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The importance of Value

   ~Value Structure~

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Todays topic is important! Artists have been e-mailing images of their work to me - it's all very nice and shows potential. However, I noticed a crucial element lacking in many of the paintings....value structure. So, I decided to talk a bit about value.

  Value Scale

A value scale (or grayscale) shows the full tonal range of a color. The value of a color is its lightness to darkness regardless of the hue. Value is more important in creating convincing form rather than the reliance on color. It is the most important design element of a painting. Without an accurate value plan, your work will appear flat. Good value structure is very important to the success of a painting. When you explore a picture in a gallery, value will dominate your visual experience - it is the strongest element in the painting.

To easily see the value structure of a painting or scene, squint your eyes until you are looking through your eyelashes - you will see its value better. Recognizing value does take some practice. Another way to judge the values in a painting is to look at it in dim light or moonlight.

  11 Step Grayscale

The image pictured below is a value scale. It is usually divided into 10 steps or less. White and black are sometimes omitted from the range...I included them here!

Grayscale


This grayscale is divided into 11 steps. It is a useful tool to help you match color values. It may be used in the field or the studio. As you become more experienced at painting, you will no longer require a value scale for reference.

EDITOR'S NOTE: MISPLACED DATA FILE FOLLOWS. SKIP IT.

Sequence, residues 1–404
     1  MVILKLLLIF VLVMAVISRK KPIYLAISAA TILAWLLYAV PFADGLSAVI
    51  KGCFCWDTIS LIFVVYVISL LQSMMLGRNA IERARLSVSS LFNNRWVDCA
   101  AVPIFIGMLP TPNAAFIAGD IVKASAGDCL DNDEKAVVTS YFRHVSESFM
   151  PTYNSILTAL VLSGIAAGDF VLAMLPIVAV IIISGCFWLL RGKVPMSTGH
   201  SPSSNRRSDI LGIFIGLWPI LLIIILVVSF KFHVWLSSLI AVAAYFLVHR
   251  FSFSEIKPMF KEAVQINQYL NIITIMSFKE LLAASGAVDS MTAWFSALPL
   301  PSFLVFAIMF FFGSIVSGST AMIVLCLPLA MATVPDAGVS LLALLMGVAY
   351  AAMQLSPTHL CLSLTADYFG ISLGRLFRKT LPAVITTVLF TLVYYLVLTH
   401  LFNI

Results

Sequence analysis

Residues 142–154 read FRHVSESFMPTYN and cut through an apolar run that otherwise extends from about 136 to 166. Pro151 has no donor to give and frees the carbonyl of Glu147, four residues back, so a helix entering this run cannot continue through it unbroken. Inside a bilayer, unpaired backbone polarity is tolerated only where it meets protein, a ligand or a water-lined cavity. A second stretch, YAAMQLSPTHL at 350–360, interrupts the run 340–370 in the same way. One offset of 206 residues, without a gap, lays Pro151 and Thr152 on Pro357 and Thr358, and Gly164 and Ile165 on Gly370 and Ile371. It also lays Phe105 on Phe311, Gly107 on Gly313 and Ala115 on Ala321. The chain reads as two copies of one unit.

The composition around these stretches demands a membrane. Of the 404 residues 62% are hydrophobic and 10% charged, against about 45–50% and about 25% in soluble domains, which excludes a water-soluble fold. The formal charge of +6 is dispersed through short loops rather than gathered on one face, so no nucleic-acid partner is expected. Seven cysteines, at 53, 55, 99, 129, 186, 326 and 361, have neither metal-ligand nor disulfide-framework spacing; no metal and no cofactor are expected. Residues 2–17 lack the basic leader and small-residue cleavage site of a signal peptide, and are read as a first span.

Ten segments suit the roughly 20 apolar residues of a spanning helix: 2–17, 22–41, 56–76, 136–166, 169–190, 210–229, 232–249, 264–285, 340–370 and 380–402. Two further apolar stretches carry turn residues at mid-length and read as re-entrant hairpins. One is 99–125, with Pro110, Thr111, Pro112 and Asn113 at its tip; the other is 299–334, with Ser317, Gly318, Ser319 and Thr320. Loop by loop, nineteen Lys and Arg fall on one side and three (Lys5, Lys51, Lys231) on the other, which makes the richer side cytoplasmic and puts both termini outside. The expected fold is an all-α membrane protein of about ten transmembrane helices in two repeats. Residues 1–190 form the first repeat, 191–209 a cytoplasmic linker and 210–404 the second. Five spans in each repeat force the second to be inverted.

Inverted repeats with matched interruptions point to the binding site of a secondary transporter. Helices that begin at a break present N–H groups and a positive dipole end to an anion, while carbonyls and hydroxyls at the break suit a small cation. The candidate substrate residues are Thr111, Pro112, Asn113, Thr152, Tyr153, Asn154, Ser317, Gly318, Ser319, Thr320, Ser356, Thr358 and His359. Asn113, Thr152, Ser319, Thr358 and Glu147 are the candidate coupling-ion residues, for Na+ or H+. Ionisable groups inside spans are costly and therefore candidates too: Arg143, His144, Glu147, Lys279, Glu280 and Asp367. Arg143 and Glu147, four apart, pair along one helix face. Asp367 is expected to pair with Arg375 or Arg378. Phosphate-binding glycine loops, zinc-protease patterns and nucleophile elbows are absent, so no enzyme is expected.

By composing your picture with convincing value, your painting will have greater impact on the viewer - a wider range of tonal values will usually have a stronger impact. As a painter of landscapes, I'm continually faced with lighting problems. Understanding value has helped me a great deal in creating strong compositions. For instance, I have noticed that objects in direct sunlight has a shady side that is approximately 60% or more in value of the sunlit side, unless there is indirect light affecting it by local color, such as grass. Pay attention to any indirect illumination reflecting from other parts of the landscape - it affects the shadow side of objects as well as making the cast shadows darker.

Too often, attempts at painting fail because the artist is overly focused on color. The basic process of painting goes like this:

   1 - First begin with an interesting design.
   2 - Work out the composition by thumbnail sketching.
   3 - A value plan - I recommend composing a full value underpainting prior to applying the colors.
   4 - Then choose a suitable color scheme that supports your concept.
   5 - Sign and date the painting.
   6 - Let it dry completely.
   7 - Varnish it!

If the contrast of your painting is low, your picture will appear flat. It cannot be corrected by adding more color - you must focus on the values. Strong values will add depth to your subject. Highlights and shadows attract us to a painting, but it's the full range of tonal values that strengthens it. When viewing a black and white work, the range of values can easily be seen. You must learn to paint successfully by seeing, mixing and using a full range of tones with color. Too often artists overlook its importance - they concentrate on the subject and its color. Use a *value scale* (such as the one pictured above) to determine the tonal value of the subject you are interpreting with paint.

This brief explanation was to bring awareness to the importance of Tonal Value. My painting technique begins with a full value underpainting. Then the colors are applied over it with layers of thin glazes and scumbles. Often, the underpainted color will show through the subsequent applications.

More Tips:
Introduction Page | Optical Mixing | Translucent Water | Color Contrasts
Technical Tips | Hue, Value, Intensity, Color Temperature | Composition
Red Power | Keeping Acrylics Moist | Brush Care | Color | Young/Helmholtz | Book Excerpt


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